F is for Fugitive Page 66

Quintana flicked a look in my direction as I passed the door. I was on my way to the kitchen, escorted by a female deputy whose law-enforcement paraphernalia must have added ten inches to her waist measurement; heavy belt, portable two-way radio, nightstick, handcuffs, keys, flashlight, ammunition, gun and holster. I was reminded uncomfortably of my own days in uniform. It's hard to feel feminine in a pair of pants that make you look like a camel from the rear.

I took a seat at the kitchen table. I kept my face neutral, trying to act as if I wasn't sucking in every detail of the crime scene activity. I was frankly relieved to be out of sight of Ori, who was beached in death like an old sea lion washed up on the sand. She couldn't even be cold yet, but her skin was already suffused with the bleached, mottled look of decay. In the absence of life, the body seems to deteriorate before your very eyes. An illusion, of course-perhaps the same optical trickery that makes the dead appear to breathe.

Ann must have told them about injecting the insulin, because an evidence technician came into the kitchen within minutes and removed the vial of insulin, which he bagged and labeled. Unless the local labs were a lot more sophisticated than usual in a town this size, the insulin, plus all the samples of Ori's blood, urine, gastric content, bile, and viscera would probably be shipped off to the state crime lab in Sacramento for analysis. Cause of death was almost certainly anaphylactic shock. The question was, what had triggered it? Surely not the insulin after all these years-unless somebody'd tampered with the vial, a not unreasonable guess. Death might have been accidental, but I doubted it.

I looked over to the back door, where the thumb latch on the lock had been turned to the open position. From what I'd seen, the motel office was seldom secured. Windows were left open, doors unlocked. When I thought back to all the people who'd been trooping through the place, it seemed clear that anybody could have sauntered over to the refrigerator for a peek. Ori's diabetes was common knowledge, and her insulin dependency was the perfect means of delivering a fatal dose of who-knew-what. Ann's administering the injection would only add guilt to her grief, a cruel postscript. I was curious as to what Detective Quintana was going to make of it.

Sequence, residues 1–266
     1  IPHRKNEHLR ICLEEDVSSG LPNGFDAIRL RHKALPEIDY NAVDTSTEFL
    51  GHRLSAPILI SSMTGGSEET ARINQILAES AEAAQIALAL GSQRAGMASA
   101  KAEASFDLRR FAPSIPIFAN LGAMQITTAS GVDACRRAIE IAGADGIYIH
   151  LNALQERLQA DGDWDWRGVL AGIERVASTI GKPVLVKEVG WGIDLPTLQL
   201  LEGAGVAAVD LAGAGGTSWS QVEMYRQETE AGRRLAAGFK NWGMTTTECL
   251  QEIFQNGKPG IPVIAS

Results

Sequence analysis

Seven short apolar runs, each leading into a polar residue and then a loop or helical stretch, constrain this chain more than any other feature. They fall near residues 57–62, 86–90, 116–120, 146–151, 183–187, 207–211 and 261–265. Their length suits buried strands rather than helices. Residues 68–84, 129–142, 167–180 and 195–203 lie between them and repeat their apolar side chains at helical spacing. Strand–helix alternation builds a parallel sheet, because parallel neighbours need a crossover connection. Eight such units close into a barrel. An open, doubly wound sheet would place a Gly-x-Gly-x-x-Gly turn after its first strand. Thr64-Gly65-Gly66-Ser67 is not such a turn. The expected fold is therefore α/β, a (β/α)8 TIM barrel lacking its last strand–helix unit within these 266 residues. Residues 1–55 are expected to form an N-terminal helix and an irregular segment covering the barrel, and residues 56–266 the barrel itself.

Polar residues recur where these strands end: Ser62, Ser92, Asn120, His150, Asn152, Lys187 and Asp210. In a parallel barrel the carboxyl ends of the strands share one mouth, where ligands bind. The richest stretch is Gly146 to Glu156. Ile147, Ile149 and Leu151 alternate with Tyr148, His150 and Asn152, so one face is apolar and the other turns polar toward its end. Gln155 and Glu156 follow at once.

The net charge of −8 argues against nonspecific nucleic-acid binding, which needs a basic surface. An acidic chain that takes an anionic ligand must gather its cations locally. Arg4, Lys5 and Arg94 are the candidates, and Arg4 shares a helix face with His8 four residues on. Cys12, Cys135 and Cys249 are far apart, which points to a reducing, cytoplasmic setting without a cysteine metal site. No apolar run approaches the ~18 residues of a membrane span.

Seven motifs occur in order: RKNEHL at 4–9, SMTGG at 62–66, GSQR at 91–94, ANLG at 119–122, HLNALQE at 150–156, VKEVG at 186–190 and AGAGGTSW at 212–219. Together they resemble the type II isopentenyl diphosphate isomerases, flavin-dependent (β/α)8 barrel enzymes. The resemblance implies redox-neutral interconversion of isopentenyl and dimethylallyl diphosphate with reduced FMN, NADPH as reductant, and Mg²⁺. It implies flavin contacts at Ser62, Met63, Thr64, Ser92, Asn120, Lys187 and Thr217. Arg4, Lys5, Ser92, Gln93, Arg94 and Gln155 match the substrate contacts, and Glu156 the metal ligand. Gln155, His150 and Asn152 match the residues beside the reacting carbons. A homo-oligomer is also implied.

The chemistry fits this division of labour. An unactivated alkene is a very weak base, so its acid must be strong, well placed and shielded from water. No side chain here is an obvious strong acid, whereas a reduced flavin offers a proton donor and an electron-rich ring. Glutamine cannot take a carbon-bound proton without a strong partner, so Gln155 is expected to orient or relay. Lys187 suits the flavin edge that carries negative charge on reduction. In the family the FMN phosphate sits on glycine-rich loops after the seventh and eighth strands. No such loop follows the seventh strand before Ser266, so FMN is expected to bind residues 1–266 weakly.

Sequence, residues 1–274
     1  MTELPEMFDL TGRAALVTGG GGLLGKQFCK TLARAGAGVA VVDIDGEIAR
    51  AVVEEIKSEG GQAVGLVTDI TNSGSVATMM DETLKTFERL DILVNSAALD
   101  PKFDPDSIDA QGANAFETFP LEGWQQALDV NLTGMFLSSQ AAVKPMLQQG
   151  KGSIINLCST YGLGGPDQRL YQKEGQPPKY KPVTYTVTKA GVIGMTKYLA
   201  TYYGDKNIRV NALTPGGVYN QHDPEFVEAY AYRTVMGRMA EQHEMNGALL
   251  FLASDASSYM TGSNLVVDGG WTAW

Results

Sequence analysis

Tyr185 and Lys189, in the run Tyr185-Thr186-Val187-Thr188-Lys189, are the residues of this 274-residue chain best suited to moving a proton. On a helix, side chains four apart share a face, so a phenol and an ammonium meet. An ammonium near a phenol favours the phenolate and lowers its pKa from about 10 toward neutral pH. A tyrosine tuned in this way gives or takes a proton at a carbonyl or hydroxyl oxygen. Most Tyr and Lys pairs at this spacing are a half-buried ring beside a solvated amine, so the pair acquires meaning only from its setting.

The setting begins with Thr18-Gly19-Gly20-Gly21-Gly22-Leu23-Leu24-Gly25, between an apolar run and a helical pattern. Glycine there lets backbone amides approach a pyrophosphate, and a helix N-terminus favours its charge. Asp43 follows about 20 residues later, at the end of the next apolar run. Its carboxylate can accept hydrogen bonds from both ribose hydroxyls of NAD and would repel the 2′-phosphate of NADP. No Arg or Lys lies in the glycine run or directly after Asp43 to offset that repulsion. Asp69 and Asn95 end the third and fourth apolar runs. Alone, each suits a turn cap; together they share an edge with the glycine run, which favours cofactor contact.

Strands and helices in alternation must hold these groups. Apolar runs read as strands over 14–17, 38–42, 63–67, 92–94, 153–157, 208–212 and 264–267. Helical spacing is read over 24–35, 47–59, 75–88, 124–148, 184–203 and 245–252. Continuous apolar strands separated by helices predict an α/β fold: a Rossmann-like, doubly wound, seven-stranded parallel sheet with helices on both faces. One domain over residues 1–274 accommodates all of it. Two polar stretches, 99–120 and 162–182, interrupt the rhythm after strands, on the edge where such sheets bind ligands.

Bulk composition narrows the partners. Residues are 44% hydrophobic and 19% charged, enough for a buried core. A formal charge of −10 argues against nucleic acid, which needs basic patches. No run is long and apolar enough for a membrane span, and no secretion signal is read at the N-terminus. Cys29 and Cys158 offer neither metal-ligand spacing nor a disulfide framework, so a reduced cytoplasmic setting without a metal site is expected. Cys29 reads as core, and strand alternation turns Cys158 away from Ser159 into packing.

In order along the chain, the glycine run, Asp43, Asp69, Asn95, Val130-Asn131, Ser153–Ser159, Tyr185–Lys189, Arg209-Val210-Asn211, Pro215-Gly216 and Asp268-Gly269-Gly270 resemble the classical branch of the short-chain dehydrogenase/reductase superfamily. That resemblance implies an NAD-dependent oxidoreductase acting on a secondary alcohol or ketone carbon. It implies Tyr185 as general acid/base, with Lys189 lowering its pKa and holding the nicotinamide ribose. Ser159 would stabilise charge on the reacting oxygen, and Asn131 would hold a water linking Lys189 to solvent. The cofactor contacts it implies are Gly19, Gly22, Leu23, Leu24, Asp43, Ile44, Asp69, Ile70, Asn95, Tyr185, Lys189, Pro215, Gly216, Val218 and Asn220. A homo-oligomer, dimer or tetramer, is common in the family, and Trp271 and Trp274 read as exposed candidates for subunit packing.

As if on cue, he ambled into the kitchen and took a seat at the table across from me. I wasn't looking forward to a chat with him. Like many cops, he took up more than his share of psychological space. Being with him was like being in a crowded elevator, stuck between floors. Not an experience you seek out.

"Let's hear how you tell it," he said.

To give him credit, he seemed more compassionate than he had before, perhaps in deference to Ann. I launched into my account with all the candor I could muster. I had nothing to hide, and there wasn't any point in playing games with the man. I started with the telephone harassment in the dead of night and proceeded to the moment when I'd taken the receiver from Ann and asked for the police. He took careful notes, printing rapidly in a style that mimicked an italic typeface. By the time he finished quizzing me, I found myself trusting his thoroughness and his attention to detail. He flipped his notebook closed and tucked it in his coat pocket.

"I'm going to need a list of the people who've been in and out of here the last couple of days. I'd appreciate your help with that. Also, Miss Fowler says the family doctor isn't in the office on Fridays. So, you might keep an eye on her. She looks like she's one step away from collapse. Frankly, you don't look all that hot yourself," he said.

"Nothing that a month of sleep won't cure."

"Give me a call if anything comes up."

He gave instructions to the deputy in charge. By the time he left, much of the dusting, bagging, tagging, and picture-taking was finished and the CSI team was packing up. I found Ann still seated at the dining room table. Her gaze traveled to my face when I entered the room, but she registered no response.

"Are you all right?" I asked.

No reply.

I sat down next to her. I would have taken her hand, but she didn't seem like the type you could touch without asking permission first. "I know Quintana must have asked you this, but did your mother have allergies?"

"Penicillin," she said dully. "I remember she had a very bad reaction to penicillin once."

"What other medications was she taking?'

Ann shook her head. "Just what's on the bed table, and her insulin, of course. I don't understand what happened."

"Who knew about the allergy?"

Ann started to speak and then shook her head.

"Did Bailey know?"

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